|The Canadian School of Ballet and Ballet Kelowna perform during a dress rehearsal of The Nutcracker at Kelowna Community Theatre in this 2008 file photo.|
Someone else is welcome to take over Ballet Kelowna, but the current board will close the curtain this spring, says its outgoing president.
A combination of a $635,000 annual budget, increasing deficits and too few bums in seats has forced the 10-year-old company to take its final bow, said Jamie Maw, who chairs the board that finances the professional troupe.
Contrary to what many think, the decision was a long time coming, Maw said in an interview Thursday. Laying off eight dancers who tour the province on behalf of the city is "dreadful, horrible," he said.
"We did have a death in the family and it's absolutely heart-rending for the entire board. This is a Sophie's Choice decision and it went over Christmas right through to today . . . What we really regret is some of the bullying tactics taking place."
Critics have written scathing letters to the editor and complained bitterly about the company's
Maw admits the Feb. 1 announcement caught everyone by surprise, but says the board had to make the call when it appeared the financial bleeding would worsen.
The company spends $45,000 to $60,000 a month and wasn't meeting its budget targets.
The Christmas season, which usually provided decent fundraising revenues, was "flatter than a pancake," Maw said.
"Ballet was not a priority on people's lists in 2012. And you know darn well that when Crossroads can't make it, we're well down the list."
Poor attendance worsened the outlook. The company sold 343 full-price tickets for its Double Variations performance last fall - 21 per cent of the 1,600 seats available over two shows. In contrast, the National Ballet of Cuba sold out both performances.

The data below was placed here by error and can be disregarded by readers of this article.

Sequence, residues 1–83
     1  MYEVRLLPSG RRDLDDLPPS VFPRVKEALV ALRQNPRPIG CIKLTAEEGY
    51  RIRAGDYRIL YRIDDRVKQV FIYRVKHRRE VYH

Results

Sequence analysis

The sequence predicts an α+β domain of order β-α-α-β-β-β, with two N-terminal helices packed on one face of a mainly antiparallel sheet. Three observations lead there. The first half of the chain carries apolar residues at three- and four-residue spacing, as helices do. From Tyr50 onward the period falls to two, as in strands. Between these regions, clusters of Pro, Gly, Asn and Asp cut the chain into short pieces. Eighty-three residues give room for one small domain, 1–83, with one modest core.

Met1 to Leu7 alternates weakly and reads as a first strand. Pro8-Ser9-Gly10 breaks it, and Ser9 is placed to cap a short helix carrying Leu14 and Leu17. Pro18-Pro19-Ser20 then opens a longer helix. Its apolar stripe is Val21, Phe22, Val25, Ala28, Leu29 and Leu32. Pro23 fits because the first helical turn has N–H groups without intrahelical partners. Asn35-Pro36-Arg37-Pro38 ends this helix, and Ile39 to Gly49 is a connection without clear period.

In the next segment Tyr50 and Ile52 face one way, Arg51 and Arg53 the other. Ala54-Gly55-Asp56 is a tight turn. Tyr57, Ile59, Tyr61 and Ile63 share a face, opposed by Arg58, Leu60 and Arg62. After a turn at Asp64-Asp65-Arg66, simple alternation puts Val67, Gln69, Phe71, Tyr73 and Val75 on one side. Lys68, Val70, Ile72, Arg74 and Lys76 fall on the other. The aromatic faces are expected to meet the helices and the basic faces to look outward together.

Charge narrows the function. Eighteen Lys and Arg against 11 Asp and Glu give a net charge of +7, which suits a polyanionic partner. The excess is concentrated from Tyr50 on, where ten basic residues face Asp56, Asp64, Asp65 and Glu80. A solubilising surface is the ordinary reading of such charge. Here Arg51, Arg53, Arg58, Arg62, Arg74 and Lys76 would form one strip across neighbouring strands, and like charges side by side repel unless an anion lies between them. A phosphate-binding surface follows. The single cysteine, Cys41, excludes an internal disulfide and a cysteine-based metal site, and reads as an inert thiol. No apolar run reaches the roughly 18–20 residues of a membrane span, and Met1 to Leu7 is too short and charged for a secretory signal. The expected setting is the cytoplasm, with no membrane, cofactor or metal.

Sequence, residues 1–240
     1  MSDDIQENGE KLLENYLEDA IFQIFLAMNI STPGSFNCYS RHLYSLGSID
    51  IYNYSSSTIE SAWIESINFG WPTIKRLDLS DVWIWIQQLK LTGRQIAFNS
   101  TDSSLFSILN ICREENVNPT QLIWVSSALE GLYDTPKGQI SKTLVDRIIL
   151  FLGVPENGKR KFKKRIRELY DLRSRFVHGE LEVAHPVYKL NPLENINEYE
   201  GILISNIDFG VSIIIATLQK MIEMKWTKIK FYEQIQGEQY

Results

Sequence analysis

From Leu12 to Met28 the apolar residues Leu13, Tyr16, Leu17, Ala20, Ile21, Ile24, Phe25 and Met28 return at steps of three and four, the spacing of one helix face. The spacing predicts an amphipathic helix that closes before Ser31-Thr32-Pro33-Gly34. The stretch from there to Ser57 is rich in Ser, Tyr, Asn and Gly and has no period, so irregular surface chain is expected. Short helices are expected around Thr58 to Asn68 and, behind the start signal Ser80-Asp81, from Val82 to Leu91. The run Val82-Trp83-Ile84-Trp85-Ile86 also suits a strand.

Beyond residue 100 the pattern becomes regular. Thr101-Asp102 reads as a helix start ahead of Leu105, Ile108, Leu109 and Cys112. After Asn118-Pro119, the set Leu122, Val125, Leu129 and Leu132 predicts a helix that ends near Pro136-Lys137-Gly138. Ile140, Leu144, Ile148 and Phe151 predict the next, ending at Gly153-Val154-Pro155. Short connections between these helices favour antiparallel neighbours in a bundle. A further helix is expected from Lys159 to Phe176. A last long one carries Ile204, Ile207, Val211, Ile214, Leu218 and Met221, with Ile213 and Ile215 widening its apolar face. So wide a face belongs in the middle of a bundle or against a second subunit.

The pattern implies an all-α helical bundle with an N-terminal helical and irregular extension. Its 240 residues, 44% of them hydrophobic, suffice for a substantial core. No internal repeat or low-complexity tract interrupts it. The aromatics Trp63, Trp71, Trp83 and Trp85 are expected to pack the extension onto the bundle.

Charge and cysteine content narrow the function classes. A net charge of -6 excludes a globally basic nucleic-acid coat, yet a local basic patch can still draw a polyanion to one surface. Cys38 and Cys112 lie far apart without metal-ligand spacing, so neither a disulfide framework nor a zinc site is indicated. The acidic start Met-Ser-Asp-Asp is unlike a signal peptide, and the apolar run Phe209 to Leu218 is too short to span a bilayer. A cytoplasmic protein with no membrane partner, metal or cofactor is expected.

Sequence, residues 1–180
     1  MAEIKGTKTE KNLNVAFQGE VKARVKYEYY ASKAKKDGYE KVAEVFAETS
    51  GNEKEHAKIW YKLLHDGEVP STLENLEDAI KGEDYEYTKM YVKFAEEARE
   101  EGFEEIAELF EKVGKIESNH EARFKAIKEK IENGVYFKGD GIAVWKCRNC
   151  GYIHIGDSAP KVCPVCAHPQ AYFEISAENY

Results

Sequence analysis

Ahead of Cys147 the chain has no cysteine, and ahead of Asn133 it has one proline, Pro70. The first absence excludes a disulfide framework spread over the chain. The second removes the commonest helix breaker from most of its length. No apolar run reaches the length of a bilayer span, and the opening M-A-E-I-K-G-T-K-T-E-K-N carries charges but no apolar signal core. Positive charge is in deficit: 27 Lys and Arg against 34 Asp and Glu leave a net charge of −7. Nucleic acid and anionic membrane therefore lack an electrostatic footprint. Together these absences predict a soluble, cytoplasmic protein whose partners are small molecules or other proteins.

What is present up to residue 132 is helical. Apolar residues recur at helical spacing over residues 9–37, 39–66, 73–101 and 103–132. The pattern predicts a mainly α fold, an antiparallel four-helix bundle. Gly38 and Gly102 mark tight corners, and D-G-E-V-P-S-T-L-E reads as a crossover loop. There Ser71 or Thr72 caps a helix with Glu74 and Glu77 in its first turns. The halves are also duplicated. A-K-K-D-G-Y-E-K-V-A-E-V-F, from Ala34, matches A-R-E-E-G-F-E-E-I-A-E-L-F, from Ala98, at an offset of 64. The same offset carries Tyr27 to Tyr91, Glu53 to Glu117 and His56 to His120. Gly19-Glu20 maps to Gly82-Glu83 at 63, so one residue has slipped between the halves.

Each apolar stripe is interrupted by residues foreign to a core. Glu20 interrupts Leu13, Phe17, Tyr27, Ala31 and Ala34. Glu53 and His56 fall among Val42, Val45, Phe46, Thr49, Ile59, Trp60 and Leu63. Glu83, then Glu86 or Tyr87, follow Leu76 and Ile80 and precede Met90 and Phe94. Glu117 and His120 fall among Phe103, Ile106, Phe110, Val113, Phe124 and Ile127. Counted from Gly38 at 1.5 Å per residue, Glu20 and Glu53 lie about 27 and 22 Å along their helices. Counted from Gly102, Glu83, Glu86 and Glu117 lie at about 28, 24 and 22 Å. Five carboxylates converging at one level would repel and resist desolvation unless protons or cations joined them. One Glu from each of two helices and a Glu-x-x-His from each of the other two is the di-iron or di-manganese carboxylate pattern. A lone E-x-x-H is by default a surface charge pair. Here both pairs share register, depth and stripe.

People can take the home team for granted, Maw said. Still, he sees potential for Ballet Kelowna to rise again once the board winds up the company's $71,000 debt with its granters. The dancers would have to perform more accessible works to reach a broader audience, he said.
"If some other group or a combination of this board and some new players want to take it forward, perhaps in a more contemporary manner, they can. And they'll have a clean financial slate to start with."
The shortfall would have been worse if the company continued for another season, he said. A conflict with the Canadian Culinary Championships forced the board to postpone Pirouette, its major fundraising event, from its usual time in February to April.
Given the compounding deficit and the fact directors are liable, the board cancelled the event knowing the end was nigh, Maw said.
"It's very hard to ask big donors to put up auction items knowing that the doors would be closing . . . Without the benefit of Pirhouette, (the deficit) would be $180,000. We knew the board had to take immediate action."
Some complain the board failed to inform its audience the outlook was dire so members could have made donations while there was time. Maw and the board had been putting out distress calls at every performance for nine months, he said. The news was especially grim at the annual general meeting in December.
"We were pretty loud about the financial issues, culminating at the AGM . . . You always have your hand out. And yet we had pared expenses back to the bone."
Critics point to the hiring of two more dancers a year ago as an unnecessary expenses. The company secured enough grants to cover 94 per cent of its apprenticeship program but fell short.
"It seemed like a reasonable expectation a year ago that we'd be able to raise more money and fill more seats with a bigger troupe," Maw said. "It was really on the corporate and individual giving that (we) fell so badly short."
The flat economy hasn't helped. Without hitting its budget targets, the board decided to pay its dancers and cover its bills so it didn't have to go cap in hand to taxpayers, he said.
"Unlike the Okanagan Symphony Orchestra, which went half a million into the hole, and Snowfest and Regatta, we weren't coming back to the taxpayer and saying you should bail us out.
"We were approaching our members, our corporate givers, individuals, but the well ran dry."
Recent donations have allowed Ballet Kelowna to fulfil its season to the end of April. Dancers perform for free at Orchard Park mall on Saturday, and appear at Kelowna Community Theatre on March 15.
Tickets are at Kelowna Actors Studio's box office or through balletkelowna.ca.